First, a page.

Tuaua v. United States Article

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Tuaua v. United States
District of Columbia Court of Appeals Seal.svg
Court United States Court of Appeals for the District of Columbia Circuit
Decided June 5 2015
Holding
People born in American Samoa are not entitled to birthright citizenship under the Fourteenth Amendment to the United States Constitution

Tuaua v. United States is a court case, originally filed in 2012, [1] in which a group of American Samoans sued the State Department and the Obama administration. They sued to force the government to recognize American Samoans' birthright citizenship, arguing that the Fourteenth Amendment to the United States Constitution guarantees that anyone born in the United States is automatically granted citizenship. [2] The case originated as a complaint filed in 2012 in the U.S. District Court for the District of Columbia, by American Samoan and U.S. national Leneuoti Tuaua, who was prohibited from becoming a police officer in California because he was not a U.S. citizen. [3] The case was docketed in the U.S. Court of Appeals for the District of Columbia in 2013. Briefs were filed on May 12, 2014, and an oral argument was made on February 9, 2015. [4] On June 5, 2015, the U.S. Court of Appeals for the District of Columbia ruled 3-0 to deny birthright citizenship to American Samoans, ruling that the guarantee of such citizenship to citizens in the Fourteenth Amendment does not apply to unincorporated U.S. territories. [5] On February 1, 2016, attorneys filed a petition requesting that the Supreme Court of the United States review the Appeals Court's decision. [6]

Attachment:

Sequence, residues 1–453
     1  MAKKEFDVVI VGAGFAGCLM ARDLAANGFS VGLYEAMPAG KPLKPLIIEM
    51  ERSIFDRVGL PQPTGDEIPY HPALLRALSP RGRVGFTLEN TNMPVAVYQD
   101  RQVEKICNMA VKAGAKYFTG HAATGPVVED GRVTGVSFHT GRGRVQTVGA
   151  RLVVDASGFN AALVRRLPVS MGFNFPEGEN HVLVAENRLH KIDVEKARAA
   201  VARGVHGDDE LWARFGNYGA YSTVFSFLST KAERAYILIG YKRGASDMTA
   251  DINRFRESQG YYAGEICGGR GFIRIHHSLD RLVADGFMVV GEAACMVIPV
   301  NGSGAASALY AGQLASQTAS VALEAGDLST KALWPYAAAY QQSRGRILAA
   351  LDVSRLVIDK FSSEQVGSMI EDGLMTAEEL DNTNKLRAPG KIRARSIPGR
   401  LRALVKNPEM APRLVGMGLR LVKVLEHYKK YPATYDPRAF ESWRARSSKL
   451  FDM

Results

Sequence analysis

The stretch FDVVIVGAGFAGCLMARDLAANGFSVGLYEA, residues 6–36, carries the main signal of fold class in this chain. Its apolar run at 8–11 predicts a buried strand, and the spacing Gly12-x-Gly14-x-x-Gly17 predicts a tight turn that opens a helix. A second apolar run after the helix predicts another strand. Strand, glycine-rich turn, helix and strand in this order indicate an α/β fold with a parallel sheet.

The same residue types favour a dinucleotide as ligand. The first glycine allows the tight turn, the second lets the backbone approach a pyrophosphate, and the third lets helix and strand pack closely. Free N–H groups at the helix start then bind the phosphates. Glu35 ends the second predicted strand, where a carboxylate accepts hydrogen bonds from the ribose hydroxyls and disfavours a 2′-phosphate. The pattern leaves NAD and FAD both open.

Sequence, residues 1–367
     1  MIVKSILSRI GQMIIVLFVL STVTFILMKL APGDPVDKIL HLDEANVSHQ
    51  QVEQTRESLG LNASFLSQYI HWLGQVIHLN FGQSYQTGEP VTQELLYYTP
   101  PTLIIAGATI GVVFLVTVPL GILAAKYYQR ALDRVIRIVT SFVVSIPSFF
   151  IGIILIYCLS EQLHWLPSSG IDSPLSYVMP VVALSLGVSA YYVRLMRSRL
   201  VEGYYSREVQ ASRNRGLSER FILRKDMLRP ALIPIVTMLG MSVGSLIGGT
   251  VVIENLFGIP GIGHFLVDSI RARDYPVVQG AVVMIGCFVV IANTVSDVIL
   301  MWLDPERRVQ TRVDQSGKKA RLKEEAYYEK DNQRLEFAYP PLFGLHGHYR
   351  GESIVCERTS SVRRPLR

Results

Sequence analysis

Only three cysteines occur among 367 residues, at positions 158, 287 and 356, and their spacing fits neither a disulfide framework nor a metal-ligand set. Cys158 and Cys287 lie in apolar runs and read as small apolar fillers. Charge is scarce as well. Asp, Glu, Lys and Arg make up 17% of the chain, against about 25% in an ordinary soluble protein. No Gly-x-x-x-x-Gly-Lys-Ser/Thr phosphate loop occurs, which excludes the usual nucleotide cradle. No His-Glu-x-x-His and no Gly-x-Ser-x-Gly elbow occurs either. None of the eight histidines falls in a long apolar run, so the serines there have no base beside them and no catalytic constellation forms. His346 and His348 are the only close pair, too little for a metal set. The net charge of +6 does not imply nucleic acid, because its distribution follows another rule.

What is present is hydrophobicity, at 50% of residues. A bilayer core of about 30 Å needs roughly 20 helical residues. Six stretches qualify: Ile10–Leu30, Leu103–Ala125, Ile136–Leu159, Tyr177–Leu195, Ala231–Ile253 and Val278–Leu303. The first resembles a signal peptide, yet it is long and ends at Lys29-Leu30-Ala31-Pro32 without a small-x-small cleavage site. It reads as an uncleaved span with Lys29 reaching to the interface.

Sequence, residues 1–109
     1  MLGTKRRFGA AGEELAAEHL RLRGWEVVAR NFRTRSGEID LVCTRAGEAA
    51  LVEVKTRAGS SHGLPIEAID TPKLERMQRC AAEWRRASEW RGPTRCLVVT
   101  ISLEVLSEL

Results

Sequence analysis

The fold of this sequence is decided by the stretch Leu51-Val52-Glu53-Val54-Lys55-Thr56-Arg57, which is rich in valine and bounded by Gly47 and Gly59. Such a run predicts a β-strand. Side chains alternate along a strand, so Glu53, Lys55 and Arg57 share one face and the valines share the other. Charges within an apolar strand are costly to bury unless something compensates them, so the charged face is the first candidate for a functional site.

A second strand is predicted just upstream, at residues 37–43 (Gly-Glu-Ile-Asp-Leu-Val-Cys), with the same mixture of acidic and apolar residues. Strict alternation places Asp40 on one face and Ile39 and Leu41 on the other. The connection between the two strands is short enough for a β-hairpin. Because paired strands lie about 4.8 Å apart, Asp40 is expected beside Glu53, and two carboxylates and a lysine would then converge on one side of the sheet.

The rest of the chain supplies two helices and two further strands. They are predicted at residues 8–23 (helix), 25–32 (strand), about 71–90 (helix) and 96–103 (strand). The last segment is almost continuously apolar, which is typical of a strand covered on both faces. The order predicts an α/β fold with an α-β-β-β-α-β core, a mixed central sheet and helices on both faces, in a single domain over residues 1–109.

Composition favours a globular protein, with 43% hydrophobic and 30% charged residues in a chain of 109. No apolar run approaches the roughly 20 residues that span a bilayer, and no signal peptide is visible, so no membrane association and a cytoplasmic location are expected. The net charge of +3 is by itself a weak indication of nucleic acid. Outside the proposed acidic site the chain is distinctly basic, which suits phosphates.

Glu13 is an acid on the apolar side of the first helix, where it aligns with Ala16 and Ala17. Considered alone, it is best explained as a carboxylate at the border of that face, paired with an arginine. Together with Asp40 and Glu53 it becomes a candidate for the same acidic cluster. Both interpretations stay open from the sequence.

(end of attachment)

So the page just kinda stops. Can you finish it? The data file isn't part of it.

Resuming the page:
On June 13, 2016, the Supreme Court denied certiorari, [7] meaning the case will not be heard, and the lower court's ruling stands.

See also

References

  1. ^ Levine, Stephen (2016-06-01). Pacific Ways: Government and Politics in the Pacific Islands. Victoria University Press. pp. 31–. ISBN  9781776560264. Retrieved 14 June 2016.
  2. ^ Levy, Pema (23 February 2015). "Obama Administration Using Century-Old Racist Case Law to Block Citizenship". Mother Jones. Retrieved 17 February 2016.
  3. ^ Newkirk, Vann R., II (30 March 2016). "Testing Territorial Limits". The Atlantic. Retrieved 8 June 2016.
  4. ^ "About Tuaua v. United States". We the People Project. Retrieved 17 February 2016.
  5. ^ Levy, Pema (5 June 2015). "A Federal Appeals Court Just Denied Birthright Citizenship to American Samoans Using Racist Caselaw". Mother Jones. Retrieved 17 February 2016.
  6. ^ Wang, Frances Kai-Hwa (2 February 2016). "American Samoa Citizenship Case Arrives at Supreme Court". NBC News. Retrieved 17 February 2016.
  7. ^ "Order List" (PDF). Supreme Court of the United States. June 13, 2016. Retrieved 14 June 2016.